When was the last time, for instance, that you heard a major American news outlet actually cite something Putin said, a speech, an official statement of Russian policy? Just to take one example—there are many—back on September 20, 2013 he spoke to the annual International Valdai Forum. Here is just a portion of that speech, made before a gathering of representatives from around the world:

“…We can see how many of the Euro-Atlantic countries are actually rejecting their roots, including the Christian values that constitute the basis of Western civilisation. They are denying moral principles and all traditional identities: national, cultural, religious and even sexual. They are implementing policies that equate large families with same-sex partnerships, belief in God with the belief in Satan.

“The excesses of political correctness have reached the point where people are seriously talking about registering political parties whose aim is to promote paedophilia. People in many European countries are embarrassed or afraid to talk about their religious affiliations. Holidays are abolished or even called something different; their essence is hidden away, as is their moral foundation. And people are aggressively trying to export this model all over the world. I am convinced that this opens a direct path to degradation and primitivism, resulting in a profound demographic and moral crisis.

“What else but the loss of the ability to self-reproduce could act as the greatest testimony of the moral crisis facing a human society? Today almost all developed nations are no longer able to reproduce themselves, even with the help of migration. Without the values ​​embedded in Christianity and other world religions, without the standards of morality that have taken shape over millennia, people will inevitably lose their human dignity. We consider it natural and right to defend these values​​. One must respect every minority’s right to be different, but the rights of the majority must not be put into question.”

I have cited these remarks previously; they are not unique. For Putin has been saying the same thing for years—and enacting legislation mirroring what he says that also reflects the desires and aspirations of the great majority of Russia’s citizenry.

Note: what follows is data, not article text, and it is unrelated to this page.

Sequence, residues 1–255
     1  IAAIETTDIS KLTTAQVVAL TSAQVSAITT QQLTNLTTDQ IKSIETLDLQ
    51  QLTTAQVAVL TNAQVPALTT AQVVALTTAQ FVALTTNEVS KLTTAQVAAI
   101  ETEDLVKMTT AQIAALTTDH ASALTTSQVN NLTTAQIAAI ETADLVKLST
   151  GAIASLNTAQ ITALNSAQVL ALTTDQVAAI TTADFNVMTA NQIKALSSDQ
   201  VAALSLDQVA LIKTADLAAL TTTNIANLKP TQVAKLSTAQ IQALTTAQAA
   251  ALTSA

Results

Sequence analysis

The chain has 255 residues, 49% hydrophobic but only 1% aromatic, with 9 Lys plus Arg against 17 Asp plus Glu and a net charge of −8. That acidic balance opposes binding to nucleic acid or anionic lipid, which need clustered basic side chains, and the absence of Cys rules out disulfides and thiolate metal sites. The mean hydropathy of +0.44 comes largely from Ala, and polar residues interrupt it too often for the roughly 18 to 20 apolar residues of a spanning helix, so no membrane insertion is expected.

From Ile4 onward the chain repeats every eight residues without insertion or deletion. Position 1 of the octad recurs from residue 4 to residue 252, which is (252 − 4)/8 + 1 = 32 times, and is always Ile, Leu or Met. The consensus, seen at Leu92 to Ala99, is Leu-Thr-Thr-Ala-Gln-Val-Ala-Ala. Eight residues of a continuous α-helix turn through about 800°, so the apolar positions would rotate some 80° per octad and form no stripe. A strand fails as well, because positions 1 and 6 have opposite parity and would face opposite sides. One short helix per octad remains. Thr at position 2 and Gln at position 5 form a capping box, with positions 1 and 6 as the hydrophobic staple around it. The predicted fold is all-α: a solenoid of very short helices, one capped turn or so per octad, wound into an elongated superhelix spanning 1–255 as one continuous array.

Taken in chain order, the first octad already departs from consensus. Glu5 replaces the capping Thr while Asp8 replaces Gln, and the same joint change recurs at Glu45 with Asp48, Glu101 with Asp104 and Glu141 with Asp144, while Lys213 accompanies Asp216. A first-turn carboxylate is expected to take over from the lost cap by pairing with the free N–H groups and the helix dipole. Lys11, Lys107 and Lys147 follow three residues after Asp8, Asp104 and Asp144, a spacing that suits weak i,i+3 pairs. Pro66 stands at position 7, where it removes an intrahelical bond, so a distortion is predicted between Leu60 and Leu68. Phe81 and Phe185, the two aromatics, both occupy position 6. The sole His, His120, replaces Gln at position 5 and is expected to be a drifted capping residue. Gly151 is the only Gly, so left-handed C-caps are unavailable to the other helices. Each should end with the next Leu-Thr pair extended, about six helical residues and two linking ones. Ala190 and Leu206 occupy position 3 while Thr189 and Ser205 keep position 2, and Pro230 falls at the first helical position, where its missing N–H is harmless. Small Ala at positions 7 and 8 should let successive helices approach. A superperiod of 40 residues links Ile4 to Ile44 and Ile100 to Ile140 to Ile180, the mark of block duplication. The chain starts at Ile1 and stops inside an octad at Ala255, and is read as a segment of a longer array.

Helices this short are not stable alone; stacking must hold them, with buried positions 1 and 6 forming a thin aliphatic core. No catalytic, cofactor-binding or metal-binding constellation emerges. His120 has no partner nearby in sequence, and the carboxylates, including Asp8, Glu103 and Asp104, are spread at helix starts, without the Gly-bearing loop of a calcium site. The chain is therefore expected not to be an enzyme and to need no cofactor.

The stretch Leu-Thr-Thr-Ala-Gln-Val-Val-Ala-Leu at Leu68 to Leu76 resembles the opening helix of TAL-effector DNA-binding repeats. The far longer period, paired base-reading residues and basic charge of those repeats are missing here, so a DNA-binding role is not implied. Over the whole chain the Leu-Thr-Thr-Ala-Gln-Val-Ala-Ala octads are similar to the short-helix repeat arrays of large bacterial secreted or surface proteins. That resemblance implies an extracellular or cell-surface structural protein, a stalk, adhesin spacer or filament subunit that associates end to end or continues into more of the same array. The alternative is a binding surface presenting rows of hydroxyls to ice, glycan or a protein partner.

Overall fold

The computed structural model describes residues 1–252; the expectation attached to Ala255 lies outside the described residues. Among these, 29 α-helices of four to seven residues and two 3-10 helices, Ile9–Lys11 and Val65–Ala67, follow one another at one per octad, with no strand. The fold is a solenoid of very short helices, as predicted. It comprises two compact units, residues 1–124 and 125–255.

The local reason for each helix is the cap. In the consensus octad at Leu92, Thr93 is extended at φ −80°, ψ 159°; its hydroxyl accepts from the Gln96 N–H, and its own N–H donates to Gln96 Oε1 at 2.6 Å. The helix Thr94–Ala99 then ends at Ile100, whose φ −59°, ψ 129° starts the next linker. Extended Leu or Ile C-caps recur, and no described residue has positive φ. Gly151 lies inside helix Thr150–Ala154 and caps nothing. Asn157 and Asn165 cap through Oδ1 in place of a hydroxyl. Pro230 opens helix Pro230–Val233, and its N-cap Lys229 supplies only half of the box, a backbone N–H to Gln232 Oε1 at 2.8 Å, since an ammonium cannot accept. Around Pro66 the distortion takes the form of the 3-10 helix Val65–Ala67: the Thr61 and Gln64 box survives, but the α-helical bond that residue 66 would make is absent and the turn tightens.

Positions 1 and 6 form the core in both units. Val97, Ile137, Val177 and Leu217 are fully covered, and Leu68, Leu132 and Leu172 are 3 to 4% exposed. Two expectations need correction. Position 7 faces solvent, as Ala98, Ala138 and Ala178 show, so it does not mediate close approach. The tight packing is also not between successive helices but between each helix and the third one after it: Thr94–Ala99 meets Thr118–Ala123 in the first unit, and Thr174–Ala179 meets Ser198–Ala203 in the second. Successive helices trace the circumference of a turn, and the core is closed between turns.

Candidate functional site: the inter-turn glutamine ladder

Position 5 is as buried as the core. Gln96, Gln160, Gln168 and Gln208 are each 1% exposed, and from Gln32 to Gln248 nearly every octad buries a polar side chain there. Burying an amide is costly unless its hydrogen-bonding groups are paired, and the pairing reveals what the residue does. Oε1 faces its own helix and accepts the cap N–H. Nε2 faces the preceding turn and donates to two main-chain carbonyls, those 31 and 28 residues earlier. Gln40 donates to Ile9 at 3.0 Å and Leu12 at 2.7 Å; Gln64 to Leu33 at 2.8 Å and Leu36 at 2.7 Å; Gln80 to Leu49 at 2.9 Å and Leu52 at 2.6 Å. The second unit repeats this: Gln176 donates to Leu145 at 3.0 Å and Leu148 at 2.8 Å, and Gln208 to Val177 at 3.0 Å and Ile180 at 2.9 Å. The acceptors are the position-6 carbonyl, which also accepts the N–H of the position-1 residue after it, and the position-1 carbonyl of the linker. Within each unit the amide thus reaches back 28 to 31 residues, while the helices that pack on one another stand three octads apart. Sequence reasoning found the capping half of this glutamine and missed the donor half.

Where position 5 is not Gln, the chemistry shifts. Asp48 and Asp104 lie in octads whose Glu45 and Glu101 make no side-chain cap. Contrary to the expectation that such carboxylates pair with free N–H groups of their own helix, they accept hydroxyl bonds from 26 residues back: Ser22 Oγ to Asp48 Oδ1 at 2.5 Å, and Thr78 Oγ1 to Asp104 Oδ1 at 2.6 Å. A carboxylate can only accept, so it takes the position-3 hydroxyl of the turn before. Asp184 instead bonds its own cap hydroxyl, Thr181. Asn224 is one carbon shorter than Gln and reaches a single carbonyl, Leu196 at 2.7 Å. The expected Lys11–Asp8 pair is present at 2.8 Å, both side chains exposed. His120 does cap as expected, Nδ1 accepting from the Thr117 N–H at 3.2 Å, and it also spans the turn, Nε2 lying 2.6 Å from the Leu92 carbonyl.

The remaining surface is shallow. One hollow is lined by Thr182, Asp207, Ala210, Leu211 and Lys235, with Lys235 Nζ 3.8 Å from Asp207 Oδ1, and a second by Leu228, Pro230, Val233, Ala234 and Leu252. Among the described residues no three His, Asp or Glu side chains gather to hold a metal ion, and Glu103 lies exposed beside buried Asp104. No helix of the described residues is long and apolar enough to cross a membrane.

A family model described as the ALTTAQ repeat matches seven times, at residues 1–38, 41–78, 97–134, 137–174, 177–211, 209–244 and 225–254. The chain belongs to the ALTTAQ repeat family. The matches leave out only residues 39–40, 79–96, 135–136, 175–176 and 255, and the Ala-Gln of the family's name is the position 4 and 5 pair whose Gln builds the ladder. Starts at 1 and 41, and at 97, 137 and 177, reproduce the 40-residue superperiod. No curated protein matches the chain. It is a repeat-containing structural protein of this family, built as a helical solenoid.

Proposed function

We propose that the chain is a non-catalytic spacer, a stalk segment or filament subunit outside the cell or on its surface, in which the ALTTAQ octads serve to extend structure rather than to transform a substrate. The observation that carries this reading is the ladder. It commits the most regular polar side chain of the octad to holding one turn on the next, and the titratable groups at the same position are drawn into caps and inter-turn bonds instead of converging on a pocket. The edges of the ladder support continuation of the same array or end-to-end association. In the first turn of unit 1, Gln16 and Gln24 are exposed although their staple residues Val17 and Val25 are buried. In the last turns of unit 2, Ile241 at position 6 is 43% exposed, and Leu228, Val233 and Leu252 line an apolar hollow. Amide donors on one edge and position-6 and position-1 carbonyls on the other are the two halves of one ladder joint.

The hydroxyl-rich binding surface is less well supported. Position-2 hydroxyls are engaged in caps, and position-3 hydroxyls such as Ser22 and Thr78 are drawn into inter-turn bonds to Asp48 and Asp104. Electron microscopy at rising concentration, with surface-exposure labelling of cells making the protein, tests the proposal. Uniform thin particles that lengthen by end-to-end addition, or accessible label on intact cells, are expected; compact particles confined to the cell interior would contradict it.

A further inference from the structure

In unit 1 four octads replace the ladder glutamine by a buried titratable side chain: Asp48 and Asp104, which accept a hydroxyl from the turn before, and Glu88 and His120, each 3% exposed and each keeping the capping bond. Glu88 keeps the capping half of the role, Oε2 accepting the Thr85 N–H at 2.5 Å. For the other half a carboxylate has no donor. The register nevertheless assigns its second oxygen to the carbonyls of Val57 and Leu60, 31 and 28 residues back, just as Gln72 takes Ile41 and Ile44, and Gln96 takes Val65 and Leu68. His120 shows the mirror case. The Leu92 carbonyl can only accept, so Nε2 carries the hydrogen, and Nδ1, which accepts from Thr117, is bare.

Back a little over five years ago I authored a longish researched essay on Vladimir Putin and what has been and is going on in Russia since the fall of Communism in the fall of 1991. Although the essay could use some updating, the essential information I provide remains accurate and, I believe, useful.

I am passing it along today:… Read the rest of this entry »

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Why Both Republicans and Democrats Want Russia to Become the Enemy of Choice — Strategic Culture

Posted by M. C. on February 7, 2020

Schiff also unleashed one of the most time honored but completely lame excuses for going to war, claiming that military assistance to Ukraine that had been delayed by Trump was essential for U.S. national security. He said “As one witness put it during our impeachment inquiry, the United States aids Ukraine and her people so that we can fight Russia over there, and we don’t have to fight Russia here.”

Schiff, a lawyer who has never had to put his life on the line for anything and whose son sports a MOSSAD t-shirt, is one of those sunshine soldiers who finds it quite acceptable if someone else does the dying.

All this because Russia offered a MUCH better financial deal to bankrupt Ukraine than the EU.

https://www.strategic-culture.org/news/2020/02/06/why-both-republicans-and-democrats-want-russia-to-become-the-enemy-of-choice/

 Philip Giraldi

One of the more interesting aspects of the nauseating impeachment trial in the Senate was the repeated vilification of Russia and its President Vladimir Putin. To hate Russia has become dogma on both sides of the political aisle, in part because no politician has really wanted to confront the lesson of the 2016 election, which was that most Americans think that the federal government is basically incompetent and staffed by career politicians like Nancy Pelosi and Mitch McConnell who should return back home and get real jobs. Worse still, it is useless, and much like the one trick pony the only thing it can do is steal money from the taxpayers and waste it on various types of self-gratification that only politicians can appreciate. That means that the United States is engaged is fighting multiple wars against make-believe enemies while the country’s infrastructure rots and a host of officially certified grievance groups control the public space. It sure doesn’t look like Kansas anymore.

The fact that opinion polls in Europe suggest that many Europeans would rather have Vladimir Putin than their own hopelessly corrupt leaders is suggestive. One can buy a whole range of favorable t-shirts featuring Vladimir Putin on Ebay, also suggesting that most Americans find the official Russophobia narrative both mysterious and faintly amusing. They may not really be into the expressed desire of the huddled masses in D.C. to go to war to bring true U.S. style democracy to the un-enlightened.